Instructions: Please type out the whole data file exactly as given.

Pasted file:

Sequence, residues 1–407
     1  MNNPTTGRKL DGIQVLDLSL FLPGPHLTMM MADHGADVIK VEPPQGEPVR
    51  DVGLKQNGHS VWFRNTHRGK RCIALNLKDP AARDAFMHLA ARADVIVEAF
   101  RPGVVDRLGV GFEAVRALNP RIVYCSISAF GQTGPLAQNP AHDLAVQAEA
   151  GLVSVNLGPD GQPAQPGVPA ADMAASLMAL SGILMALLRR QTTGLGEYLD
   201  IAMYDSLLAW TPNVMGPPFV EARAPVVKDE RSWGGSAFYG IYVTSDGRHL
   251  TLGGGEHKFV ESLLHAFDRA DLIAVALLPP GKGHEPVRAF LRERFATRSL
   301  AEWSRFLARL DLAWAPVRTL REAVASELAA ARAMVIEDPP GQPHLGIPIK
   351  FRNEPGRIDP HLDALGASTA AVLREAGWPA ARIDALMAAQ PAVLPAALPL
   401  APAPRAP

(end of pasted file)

Sequence, residues 1–407
     1  MNNPTTGRKL DGIQVLDLSL FLPGPHLTMM MADHGADVIK VEPPQGEPVR
    51  DVGLKQNGHS VWFRNTHRGK RCIALNLKDP AARDAFMHLA ARADVIVEAF
   101  RPGVVDRLGV GFEAVRALNP RIVYCSISAF GQTGPLAQNP AHDLAVQAEA
   151  GLVSVNLGPD GQPAQPGVPA ADMAASLMAL SGILMALLRR QTTGLGEYLD
   201  IAMYDSLLAW TPNVMGPPFV EARAPVVKDE RSWGGSAFYG IYVTSDGRHL
   251  TLGGGEHKFV ESLLHAFDRA DLIAVALLPP GKGHEPVRAF LRERFATRSL
   301  AEWSRFLARL DLAWAPVRTL REAVASELAA ARAMVIEDPP GQPHLGIPIK
   351  FRNEPGRIDP HLDALGASTA AVLREAGWPA ARIDALMAAQ PAVLPAALPL
   401  APAPRAP